In all of my 67 years, I have been called to jury duty once, about three years ago. I answered the call once. It would be a big trial lasting about a week; murder, I think. I sat in a courtroom filled with possible jurors, nearly 100. I was uncomfortable. I was still in remission, but who knows what kind of diseases were pumping through the air ducts. I stayed and listened as juror prospects were questioned. The jury was seated before they called my name. Still, the experience was invaluable.
That is all I really KNOW about pre-trial legal formalities. I say really know, because I’m not sure how much I can believe when I watch legal shows on TV, or when I watch legal drama movies. Maybe I can trust novelist John Grisham a little more – at least he is a lawyer. I’m reasonably certain that many hours are charged to the client by the defense attorney long before jury selection occurs. I imagine an equal number of hours are expended by the prosecution.
What does this have to do with my experience with a drug trial? I spent all of one day in pre-trial theatrics. I suppose theatrics was not a good choice of words, however some of the events felt that way. A better word would be “testing,” though visiting with the doctor was not a test in the medical sense of the word.
The day started at 6:00 AM with showers and breakfast in order to board the 8:00 shuttle to MD Anderson. Appointments began at 8:30 with a visit with the trial coordinator to sign on the dotted line. We had previously read the details about the trial, the expenses that could be charged to our insurance, the expenses taken care of by the hospital and the drug company, and (horror of horrors) the release of liability for anything that goes wrong. I can’t sue the hospital nor the drug company.
This was followed by blood draws. I’m used to them, but not to this extent. Usually, the phlebotomist draws three or four vials of blood. This gal drew sixteen! (I volunteered to be included in the research portion of the trial as well.) I smiled and donated probably half a pint of blood to science.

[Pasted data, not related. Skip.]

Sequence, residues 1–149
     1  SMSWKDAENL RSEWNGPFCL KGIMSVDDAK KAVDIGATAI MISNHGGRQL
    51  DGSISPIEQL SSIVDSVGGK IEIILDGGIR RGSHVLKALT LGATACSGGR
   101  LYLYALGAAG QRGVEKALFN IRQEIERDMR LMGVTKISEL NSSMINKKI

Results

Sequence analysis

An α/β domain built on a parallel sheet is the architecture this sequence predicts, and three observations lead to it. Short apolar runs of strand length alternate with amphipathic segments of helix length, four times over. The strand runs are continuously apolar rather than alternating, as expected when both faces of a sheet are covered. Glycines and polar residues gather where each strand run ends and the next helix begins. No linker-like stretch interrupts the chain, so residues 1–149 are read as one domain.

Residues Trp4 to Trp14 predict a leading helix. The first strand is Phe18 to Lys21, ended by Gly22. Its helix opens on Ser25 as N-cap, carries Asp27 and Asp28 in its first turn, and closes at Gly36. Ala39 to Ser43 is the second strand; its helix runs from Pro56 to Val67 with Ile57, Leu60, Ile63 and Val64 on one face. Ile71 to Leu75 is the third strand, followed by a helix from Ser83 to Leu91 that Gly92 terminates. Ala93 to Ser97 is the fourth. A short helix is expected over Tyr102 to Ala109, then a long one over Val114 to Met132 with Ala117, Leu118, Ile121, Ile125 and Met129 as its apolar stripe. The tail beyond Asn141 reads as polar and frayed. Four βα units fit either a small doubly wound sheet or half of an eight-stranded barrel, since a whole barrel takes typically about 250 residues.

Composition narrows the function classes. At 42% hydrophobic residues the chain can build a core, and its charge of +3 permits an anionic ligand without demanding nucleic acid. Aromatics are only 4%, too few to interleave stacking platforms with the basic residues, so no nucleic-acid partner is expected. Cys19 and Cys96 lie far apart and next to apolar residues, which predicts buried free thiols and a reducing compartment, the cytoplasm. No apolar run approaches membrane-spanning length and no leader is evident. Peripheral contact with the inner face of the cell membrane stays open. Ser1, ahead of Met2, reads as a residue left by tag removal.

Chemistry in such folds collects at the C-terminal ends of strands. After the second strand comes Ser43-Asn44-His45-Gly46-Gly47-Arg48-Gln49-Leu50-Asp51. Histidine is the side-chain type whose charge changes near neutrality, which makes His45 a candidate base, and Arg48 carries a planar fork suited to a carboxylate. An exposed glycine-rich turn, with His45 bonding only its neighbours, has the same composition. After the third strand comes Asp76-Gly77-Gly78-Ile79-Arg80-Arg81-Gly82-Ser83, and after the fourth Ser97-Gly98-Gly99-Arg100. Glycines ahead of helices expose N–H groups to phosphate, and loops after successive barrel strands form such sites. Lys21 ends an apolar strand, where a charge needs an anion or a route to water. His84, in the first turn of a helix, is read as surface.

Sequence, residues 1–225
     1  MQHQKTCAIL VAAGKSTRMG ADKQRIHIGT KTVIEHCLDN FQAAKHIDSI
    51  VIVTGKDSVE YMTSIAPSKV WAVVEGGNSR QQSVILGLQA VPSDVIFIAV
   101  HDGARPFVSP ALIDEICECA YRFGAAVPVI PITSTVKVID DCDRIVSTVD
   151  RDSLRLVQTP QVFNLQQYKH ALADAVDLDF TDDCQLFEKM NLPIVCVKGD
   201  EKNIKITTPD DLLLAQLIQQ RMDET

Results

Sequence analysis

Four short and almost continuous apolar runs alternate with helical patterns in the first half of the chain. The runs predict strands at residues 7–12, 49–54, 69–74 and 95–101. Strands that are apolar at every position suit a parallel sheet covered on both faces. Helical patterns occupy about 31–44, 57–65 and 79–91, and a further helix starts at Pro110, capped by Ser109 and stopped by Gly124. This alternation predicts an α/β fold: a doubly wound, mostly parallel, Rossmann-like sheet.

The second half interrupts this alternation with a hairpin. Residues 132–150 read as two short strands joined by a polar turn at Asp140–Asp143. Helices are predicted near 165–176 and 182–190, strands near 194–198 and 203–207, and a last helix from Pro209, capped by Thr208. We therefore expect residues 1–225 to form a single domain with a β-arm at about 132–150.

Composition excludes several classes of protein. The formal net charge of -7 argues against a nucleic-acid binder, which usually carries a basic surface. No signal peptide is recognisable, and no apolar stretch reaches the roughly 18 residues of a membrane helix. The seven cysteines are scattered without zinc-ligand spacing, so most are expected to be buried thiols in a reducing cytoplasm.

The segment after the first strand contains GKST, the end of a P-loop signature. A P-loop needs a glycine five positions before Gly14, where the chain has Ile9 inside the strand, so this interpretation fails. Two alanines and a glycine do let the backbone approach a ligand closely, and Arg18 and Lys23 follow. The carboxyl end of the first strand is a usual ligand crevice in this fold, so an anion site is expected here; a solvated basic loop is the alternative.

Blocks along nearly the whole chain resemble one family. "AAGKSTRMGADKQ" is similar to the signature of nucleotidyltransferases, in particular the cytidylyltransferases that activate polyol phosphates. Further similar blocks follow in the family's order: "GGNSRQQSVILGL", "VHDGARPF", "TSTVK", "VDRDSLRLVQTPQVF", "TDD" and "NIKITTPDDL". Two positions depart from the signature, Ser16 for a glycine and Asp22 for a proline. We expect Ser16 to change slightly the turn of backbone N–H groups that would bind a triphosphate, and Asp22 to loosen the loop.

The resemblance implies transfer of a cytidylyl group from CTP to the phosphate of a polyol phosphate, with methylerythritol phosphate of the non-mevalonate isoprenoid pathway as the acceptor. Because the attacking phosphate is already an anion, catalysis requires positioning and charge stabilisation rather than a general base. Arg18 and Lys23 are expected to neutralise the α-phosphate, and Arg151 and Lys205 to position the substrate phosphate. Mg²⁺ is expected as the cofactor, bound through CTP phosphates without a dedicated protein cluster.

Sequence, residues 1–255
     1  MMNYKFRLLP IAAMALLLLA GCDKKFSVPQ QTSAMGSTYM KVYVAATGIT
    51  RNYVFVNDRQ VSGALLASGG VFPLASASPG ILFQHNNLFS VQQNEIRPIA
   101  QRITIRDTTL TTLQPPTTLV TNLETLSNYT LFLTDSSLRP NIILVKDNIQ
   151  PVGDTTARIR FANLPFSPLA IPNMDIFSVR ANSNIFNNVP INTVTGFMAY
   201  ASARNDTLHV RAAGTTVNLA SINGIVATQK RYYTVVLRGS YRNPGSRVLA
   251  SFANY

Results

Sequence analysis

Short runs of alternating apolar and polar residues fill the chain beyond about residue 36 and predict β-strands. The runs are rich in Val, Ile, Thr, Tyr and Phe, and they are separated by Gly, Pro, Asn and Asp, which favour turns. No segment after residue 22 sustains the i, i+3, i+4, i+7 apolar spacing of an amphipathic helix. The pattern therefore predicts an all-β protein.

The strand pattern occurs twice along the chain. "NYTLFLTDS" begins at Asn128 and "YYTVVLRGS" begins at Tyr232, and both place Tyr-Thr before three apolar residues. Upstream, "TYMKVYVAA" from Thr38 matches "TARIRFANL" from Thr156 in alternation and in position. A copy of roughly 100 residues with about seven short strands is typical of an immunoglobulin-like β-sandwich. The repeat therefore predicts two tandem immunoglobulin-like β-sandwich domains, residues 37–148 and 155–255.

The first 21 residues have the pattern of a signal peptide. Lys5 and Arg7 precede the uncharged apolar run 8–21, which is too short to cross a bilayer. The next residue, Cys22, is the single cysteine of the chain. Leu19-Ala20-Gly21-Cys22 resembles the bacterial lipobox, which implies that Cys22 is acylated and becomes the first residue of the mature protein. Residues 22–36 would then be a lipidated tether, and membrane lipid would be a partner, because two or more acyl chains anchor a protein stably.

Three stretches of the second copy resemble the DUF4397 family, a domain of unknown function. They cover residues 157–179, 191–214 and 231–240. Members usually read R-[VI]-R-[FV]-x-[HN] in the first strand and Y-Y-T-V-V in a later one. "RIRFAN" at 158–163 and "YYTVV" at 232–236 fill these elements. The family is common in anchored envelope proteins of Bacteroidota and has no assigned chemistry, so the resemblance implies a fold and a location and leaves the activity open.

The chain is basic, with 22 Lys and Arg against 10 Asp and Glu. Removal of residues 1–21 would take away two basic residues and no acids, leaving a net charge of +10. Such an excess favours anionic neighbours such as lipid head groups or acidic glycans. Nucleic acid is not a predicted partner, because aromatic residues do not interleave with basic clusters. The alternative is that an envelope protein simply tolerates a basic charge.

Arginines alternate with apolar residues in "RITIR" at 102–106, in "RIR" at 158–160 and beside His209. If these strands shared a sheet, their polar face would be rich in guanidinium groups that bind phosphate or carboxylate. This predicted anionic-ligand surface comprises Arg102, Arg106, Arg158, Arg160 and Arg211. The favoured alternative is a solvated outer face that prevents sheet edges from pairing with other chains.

Once this was completed, we had time before we visited with Dr. Wierda. Yes, that’s his real name. I would guess the good doctor to be in his 40s. He was dressed in his lab coat. His hair was short cut, but not a buzz – long enough to look a bit frazzled. He reminded me of a mad scientist. Like most doctors, he was running an hour late.
By the time we were finished with him, we had all of five minutes to go from MD Anderson Main to MD Anderson Outpatient Radiology, about three blocks away! I asked directions. (Shocking for a male, I know.) We took the elevator down from floor 8 to floor 3 and walked across the walkway to another building, but couldn’t find an elevator. Asking directions again, we finally made it to the ground floor and walked to the Radiology Center for chest X-rays and CT scans. We made the trip in record time, arriving at 5:05 PM – only five minutes late.
We waited. Eventually a nice red-headed nurse called me back for an “interview”. I asked if I would be offered a job. She told me I could have her badge and she would go home! I turned down the offer. The big question was how I wanted to take the contrast material for the scans. I could take it in a juice or the traditional white, chalky Barium form. I had done the Barium any times, so I opted for the cranberry juice – all 32 ounces of it. I drank it and waited the one hour for the material to move through my system.
Around 7:00 PM, I was finally called back to the prep area and ordered to strip. Oh, and put on a set of scrubs. The nurse then hooked me up to an IV for the required hydration before the CT scans of my body from groin to head. This was followed by chest x-rays. At 7:50 PM we were released to head home. We caught the shuttle at 8:10 and were in our hotel by 9:00 PM where we munched on the remainder of pizza we brought from home.
We completed our pre-trial workup except for the 24 hour urine collection which began at 9:00 in the morning and would be completed when we returned the sample to Fast Track Lab the next morning.
Now we wait for the “judge” (Abbot Labs) to decide if I am qualified to enter their drug test program. We may not know until Monday. (The test process began on Wednesday.)
If I may paraphrase a quote from Humphry Bogart as “Rick” in Casablanca, “Here’s waitin’ on you kid.” PLEASE hurry up and say “Yes.”